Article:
As rudimentary an approach as it might seem to his impressively varied back catalogue, there remains a school of thought that, in the popular imagination, there are two Becks – Party Beck, and Sad Beck. The latter released ‘Morning Phase’, the spiritual successor to his breakup masterpiece ‘Sea Change’, in 2014. The former was supposed to put out his own album soon afterwards, but never did, perhaps because ‘Morning Phase’ – initially viewed as likely to be the less prominent of the two albums – took on a life of its own, meeting with a feverishly positive critical reception and scooping Album of the Year at the Grammys, much to Kanye West’s memorable and sure-as-clockwork chagrin.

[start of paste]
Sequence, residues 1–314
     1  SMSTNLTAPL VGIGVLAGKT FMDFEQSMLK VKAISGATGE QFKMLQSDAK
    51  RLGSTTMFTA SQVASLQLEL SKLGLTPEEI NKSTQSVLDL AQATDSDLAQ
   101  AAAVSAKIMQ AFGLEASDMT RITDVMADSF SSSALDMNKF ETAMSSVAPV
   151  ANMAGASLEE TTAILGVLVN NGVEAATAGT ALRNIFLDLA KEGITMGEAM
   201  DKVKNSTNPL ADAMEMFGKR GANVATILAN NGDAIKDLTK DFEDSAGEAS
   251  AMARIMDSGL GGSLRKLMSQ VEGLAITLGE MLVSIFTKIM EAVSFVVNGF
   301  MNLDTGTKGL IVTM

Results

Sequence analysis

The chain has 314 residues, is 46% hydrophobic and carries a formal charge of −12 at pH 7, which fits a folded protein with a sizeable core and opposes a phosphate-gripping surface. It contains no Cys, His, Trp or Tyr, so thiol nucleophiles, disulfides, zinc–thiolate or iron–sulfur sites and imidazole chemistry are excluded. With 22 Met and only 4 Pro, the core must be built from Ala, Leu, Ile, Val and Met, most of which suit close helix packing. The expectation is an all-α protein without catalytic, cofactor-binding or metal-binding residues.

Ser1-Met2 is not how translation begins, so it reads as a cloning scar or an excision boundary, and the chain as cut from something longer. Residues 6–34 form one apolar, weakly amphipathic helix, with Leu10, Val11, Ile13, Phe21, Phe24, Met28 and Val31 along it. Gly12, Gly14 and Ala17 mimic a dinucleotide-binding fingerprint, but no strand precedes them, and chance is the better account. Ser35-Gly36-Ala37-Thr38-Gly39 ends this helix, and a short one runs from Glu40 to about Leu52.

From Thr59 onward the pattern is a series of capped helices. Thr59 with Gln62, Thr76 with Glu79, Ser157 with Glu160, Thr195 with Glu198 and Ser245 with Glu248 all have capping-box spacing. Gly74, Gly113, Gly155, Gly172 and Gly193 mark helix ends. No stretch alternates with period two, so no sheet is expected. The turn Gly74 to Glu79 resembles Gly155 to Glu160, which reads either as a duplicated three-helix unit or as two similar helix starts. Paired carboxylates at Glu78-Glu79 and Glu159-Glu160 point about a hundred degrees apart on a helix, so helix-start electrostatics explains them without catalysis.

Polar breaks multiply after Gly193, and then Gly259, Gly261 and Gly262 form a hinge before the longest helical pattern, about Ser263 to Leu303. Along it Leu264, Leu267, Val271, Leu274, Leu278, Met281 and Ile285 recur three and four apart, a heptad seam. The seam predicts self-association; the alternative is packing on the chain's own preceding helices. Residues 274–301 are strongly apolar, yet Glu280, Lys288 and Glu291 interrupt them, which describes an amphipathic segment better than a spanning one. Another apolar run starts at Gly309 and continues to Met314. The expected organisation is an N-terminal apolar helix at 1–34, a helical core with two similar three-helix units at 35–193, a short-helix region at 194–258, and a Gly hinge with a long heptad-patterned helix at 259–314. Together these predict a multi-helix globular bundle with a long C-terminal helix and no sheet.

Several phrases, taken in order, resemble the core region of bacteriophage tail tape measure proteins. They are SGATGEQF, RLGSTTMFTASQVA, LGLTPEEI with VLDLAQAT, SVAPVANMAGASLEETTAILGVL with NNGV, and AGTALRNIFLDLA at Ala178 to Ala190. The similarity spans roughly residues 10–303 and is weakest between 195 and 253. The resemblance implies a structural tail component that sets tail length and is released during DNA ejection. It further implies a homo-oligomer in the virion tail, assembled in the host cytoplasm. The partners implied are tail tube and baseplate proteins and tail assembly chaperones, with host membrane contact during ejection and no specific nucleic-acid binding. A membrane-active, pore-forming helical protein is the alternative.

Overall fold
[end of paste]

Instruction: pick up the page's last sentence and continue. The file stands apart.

Anybody who caught one of his riotously fun live shows last year, though, wouldn’t have been in doubt as to Party Beck’s continued existence, and sure enough he resurfaces with a vengeance on ‘Colors’.
There’s a sense of purpose to this album that helps make up for lost time, the groovy piano jazz of ‘Dear Life’, the funk-flecked guitars of ‘No Distraction’ and racing percussion on ‘Seventh Heaven’ all helping to contribute to the sense of immediacy and infectiousness. ‘Square One’ is a particular highlight, channeling Phoenix at their best. Fans of Beck’s more experimental ventures might feel let down by ‘Colors’’s sheer poppiness, but for everybody else, it’s a very hard album to dislike.